Veeco Instruments (VECO) recently announced plans to acquire Ultratech (UTEK) , to create a leading semiconductor equipment supplier to the growing advanced packaging industry. If completed, this would be a dream semi equipment merger.
On Feb. 2, Veeco announced it entered into an agreement to acquire Ultratech at $28.64 a share based on Veeco's closing price on Feb. 1. Ultratech shareholders will receive $21.75 per share in cash and 0.2675 of a share of Veeco common for each share of Ultratech. The implied value of the deal is $815 million. The companies expect to have the deal closed by the second quarter of 2017, subject various approvals.
The acquisition would propel Veeco into the world of advanced packaging (AP). Ultratech is known for its photolithography steppers and its wafer inspection systems, but in recent years it has become the dominant maker of AP techniques. The company claims a 90% market share in advanced packaging.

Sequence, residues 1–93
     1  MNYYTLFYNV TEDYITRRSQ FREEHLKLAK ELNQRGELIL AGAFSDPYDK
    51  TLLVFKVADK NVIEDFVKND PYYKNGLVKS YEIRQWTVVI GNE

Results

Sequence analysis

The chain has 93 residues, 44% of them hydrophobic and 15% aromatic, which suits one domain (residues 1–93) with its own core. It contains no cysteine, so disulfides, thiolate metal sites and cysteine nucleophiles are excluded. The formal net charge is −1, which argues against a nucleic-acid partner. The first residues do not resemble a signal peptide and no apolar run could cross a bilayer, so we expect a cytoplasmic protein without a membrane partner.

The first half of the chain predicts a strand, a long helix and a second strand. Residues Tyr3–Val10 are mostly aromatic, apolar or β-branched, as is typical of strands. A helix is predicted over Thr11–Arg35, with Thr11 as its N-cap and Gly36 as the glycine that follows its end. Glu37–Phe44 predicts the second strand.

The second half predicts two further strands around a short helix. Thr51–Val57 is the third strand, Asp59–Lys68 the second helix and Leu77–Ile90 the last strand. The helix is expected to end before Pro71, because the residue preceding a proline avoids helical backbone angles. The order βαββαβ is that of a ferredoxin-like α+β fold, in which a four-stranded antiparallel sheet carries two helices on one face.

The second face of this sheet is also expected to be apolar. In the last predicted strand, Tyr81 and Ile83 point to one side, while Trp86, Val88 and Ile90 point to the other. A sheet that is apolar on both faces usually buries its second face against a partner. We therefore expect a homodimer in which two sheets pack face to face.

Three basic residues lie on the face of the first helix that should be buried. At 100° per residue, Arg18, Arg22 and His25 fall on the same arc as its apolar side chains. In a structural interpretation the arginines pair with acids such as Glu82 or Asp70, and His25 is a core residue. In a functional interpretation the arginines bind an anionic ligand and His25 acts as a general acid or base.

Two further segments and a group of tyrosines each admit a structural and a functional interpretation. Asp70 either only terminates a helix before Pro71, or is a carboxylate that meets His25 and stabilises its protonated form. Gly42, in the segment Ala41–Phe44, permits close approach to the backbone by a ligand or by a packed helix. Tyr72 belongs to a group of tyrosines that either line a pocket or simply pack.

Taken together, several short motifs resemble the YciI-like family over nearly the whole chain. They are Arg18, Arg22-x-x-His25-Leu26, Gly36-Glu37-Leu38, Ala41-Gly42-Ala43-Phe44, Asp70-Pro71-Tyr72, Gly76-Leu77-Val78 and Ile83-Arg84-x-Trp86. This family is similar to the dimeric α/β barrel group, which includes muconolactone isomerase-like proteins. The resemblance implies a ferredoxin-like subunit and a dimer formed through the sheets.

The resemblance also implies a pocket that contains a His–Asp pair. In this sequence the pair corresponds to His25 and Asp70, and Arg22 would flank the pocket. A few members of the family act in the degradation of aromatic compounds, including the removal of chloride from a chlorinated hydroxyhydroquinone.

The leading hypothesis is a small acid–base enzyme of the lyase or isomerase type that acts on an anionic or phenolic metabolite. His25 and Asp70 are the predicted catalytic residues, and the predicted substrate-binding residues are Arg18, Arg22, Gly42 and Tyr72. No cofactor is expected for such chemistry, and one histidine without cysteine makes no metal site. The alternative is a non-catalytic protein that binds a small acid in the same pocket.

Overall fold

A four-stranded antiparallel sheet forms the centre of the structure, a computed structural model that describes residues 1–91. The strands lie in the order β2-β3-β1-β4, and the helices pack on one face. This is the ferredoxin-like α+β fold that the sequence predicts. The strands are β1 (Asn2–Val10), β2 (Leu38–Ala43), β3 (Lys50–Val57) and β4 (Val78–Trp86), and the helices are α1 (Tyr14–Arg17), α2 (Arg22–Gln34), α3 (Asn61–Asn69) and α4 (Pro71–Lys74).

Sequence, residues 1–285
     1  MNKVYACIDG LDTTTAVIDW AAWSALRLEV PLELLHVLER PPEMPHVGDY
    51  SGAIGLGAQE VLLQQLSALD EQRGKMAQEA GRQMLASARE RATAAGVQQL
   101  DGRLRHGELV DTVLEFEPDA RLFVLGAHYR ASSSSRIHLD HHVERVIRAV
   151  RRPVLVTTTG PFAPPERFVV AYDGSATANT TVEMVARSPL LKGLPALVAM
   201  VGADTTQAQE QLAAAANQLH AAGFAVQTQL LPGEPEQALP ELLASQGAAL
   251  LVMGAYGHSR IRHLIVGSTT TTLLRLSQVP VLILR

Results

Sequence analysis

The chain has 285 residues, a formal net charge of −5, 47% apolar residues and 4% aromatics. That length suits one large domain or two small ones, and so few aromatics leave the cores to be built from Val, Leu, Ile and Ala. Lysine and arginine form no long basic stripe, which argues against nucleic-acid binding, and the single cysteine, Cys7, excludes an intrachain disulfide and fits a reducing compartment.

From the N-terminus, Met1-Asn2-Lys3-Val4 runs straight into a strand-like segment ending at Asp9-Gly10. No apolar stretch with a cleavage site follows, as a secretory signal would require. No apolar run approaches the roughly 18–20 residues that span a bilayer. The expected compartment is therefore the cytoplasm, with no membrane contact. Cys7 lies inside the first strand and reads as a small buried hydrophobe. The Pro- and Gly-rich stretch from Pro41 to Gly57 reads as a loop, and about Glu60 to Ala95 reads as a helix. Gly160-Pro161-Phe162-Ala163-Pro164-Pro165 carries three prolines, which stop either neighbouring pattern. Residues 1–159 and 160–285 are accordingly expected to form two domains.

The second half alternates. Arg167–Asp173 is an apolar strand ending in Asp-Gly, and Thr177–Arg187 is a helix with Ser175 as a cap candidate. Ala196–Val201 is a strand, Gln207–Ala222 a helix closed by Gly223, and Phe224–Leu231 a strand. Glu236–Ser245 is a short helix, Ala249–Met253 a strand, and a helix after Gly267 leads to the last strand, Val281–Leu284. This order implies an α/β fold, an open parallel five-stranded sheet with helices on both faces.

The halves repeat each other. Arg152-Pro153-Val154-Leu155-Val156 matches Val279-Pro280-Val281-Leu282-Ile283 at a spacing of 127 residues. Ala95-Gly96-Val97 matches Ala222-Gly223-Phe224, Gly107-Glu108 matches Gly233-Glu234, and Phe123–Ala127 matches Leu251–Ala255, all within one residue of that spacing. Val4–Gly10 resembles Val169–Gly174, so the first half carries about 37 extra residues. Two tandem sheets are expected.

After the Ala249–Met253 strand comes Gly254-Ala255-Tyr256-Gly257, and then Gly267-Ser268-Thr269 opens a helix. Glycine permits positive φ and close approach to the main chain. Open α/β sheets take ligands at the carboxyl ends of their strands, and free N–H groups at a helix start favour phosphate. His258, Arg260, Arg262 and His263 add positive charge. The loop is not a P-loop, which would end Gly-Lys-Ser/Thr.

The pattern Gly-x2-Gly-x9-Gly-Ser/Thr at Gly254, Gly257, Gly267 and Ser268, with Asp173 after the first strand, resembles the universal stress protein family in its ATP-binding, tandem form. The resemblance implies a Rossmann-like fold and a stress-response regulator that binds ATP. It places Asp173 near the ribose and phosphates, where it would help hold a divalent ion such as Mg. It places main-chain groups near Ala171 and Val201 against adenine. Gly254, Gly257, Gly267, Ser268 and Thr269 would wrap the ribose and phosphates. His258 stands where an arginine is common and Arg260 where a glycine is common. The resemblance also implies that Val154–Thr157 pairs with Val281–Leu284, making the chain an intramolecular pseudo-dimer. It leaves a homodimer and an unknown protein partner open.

Traditionally, after the silicon wafer was processed, each die would be sawed off and mounted to a package. The die would then be wire bonded with one of the tools from Kulicke & Soffa (KLIC) . But now devices are getting so small, the industry is moving toward wafer-level packing (WLP). WLP is the process of packaging the die while it's still part of the wafer. WLP is the smallest packaging technology on the market right now.
In 2007, the iPhone 5 had just two wafer-level packages, but by 2016, the iPhone 7 had 44 packages. From 2015 to 2020, WLP device revenue is projected to grow at a consolidated annualized rate of 50%.
Because Ultratech is a leader in photolithography and Veeco is a leader in wafer etch and wafer processing, combining the companies makes sense. The deal would allow Veeco to diversify away from the LED business, which, in recent years, has become its main driver.
Based on preliminary results for the period ending Dec. 31, 2016, the combined companies would have pro forma revenue of $526 million. The company expects to realize annualized synergies of $15 million over a two-year period after the deal is closed. The merger would be significantly accretive to non-GAAP earnings in the first year.
Look for investors to increasingly like the combined company's prospects as the deal gets closer to completion.
This article is commentary by an independent contributor. At the time of publication, the author held no positions in the stocks mentioned.